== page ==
Our big bark watches over openness

Executive editorJune 10, 2012 

Liebe is the Peterson family’s 5-year-old German shepherd.

Our youngest son chose her name. It means “love” in German, and was a reflection of her ancestral roots and the sweet nature of the little black puppy.

Liebe is still sweet, but now at 80-some pounds, she also is an imposing watchdog and takes her role seriously.

Unlike our old dog, a tail-wagging Laborador who spent entire days asleep on her bed, Liebe is on patrol constantly. She pads from room to room, ears up, looking out the doors and windows.

A short woof tells visitors she’s watching them. A bark signals a possible threat. She growls and bares her teeth when she feels the need to defend us.

The News Tribune tries to be that kind of watchdog – always patrolling, friendly most of the time, but ready to defend the community when necessary, particularly over matters of government accessibility and transparency.

Sean Robinson’s story on today’s front page is an example of the TNT playing that watchdog role.

Most often, we find government accessibility problems while reporting a story. We’ll ask for supporting reports or emails and be inappropriately denied. It’s a journalist’s job to know what we’re entitled to and know how to fight back.

Sometimes that’s with a follow-up phone call from an editor. In extreme cases, we bare our teeth, hire an attorney and sue.

We press that hard for two reasons. One is simply to get the information we need to write stories. The other is to keep the doors to government open for members of the public who might not understand their rights or have the means to fight back.

From time to time, as in today’s story, we strike out on patrol solely to test accessibility.

Robinson’s goal, in this case, was to test the smaller courts. District and municipal courts handle the lowest-level cases – traffic violations, misdemeanors and small claims. Most people who find themselves in court are involved in one of these.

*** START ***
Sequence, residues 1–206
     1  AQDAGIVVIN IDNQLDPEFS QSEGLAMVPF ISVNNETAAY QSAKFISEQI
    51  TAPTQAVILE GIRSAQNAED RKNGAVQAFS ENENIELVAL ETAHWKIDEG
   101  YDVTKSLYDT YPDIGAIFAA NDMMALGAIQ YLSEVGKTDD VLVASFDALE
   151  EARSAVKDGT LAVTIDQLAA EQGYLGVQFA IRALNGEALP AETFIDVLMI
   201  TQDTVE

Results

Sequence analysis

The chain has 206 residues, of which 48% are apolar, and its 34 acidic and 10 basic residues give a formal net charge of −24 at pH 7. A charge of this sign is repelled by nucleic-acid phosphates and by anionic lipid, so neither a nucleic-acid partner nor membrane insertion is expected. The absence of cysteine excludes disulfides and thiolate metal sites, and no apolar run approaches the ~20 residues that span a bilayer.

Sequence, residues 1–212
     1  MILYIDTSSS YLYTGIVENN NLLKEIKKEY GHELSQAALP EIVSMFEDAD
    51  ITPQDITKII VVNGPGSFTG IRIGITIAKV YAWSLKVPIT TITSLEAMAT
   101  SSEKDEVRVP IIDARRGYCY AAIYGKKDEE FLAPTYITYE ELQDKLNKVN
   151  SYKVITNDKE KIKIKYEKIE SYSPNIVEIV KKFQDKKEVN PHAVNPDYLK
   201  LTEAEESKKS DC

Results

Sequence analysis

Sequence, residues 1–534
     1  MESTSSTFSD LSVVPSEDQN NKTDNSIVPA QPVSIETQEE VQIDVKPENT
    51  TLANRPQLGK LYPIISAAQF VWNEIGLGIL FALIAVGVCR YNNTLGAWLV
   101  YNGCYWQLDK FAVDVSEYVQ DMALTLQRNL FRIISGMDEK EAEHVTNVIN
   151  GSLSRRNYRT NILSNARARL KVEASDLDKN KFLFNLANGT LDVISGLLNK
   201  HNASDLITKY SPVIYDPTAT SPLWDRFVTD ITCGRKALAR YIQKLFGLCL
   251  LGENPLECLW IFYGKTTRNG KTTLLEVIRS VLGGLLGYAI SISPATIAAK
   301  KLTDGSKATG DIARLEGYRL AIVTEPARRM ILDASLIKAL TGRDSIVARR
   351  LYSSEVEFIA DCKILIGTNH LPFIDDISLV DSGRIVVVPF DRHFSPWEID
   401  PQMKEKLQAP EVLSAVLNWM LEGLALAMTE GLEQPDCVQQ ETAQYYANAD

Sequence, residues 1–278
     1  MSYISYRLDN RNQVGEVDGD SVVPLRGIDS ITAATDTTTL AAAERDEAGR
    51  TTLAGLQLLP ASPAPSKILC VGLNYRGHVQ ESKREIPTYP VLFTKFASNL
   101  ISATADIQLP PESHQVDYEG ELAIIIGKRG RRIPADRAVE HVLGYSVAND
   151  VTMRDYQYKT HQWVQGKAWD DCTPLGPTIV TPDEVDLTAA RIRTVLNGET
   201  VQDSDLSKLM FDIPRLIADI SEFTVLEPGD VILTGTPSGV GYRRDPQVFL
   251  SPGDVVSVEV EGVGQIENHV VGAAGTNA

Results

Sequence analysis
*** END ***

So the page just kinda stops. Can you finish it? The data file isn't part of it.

He walked in and asked each of 22 courts for a routine report, one he knew existed and knew the public was entitled to. He gave his real name, but didn’t say he was a reporter, because he didn’t want to get special treatment. (If asked, he would have told them he was a reporter. We don’t allow staff members to lie about their identity.)

As expected, the results varied. Some courts closely followed disclosure rules, some followed most of the rules and some obviously violated state law.

In no cases, however, did Robinson believe clerks were purposefully hiding information. Rather they seemed unfamiliar with or ill-informed about the law. In the smallest courts, clerks were busy performing dozens of tasks in offices open only a few days a week and rarely had anyone ask for a record.

In the weeks since Robinson’s courthouse visits, the response has been heartening. Courts in violation have changed procedures, trained employees and promised to do better.

For the TNT, this watchdog patrol required only a bark or two.

A few years ago I joked with Robinson – a staff expert on open government, or sunshine, laws – that we should dub him Captain Sunshine. He could spring to the aid of people battling for records and then write about it in the paper.

We faced two obvious problems with that plan. First, it would give him less time for investigative reporting. And second, he would not look good in tights.

Instead, we suggest people learn more about their access rights.

A good place to start is the state attorney general’s website at www.atg.wa.gov. Click on the Government Accountability tab for more about open government laws and what to do if you’re wrongly denied access.

And in the meantime, we at the TNT will stay on open-government patrol.

Twitter: @TNTkpeterson

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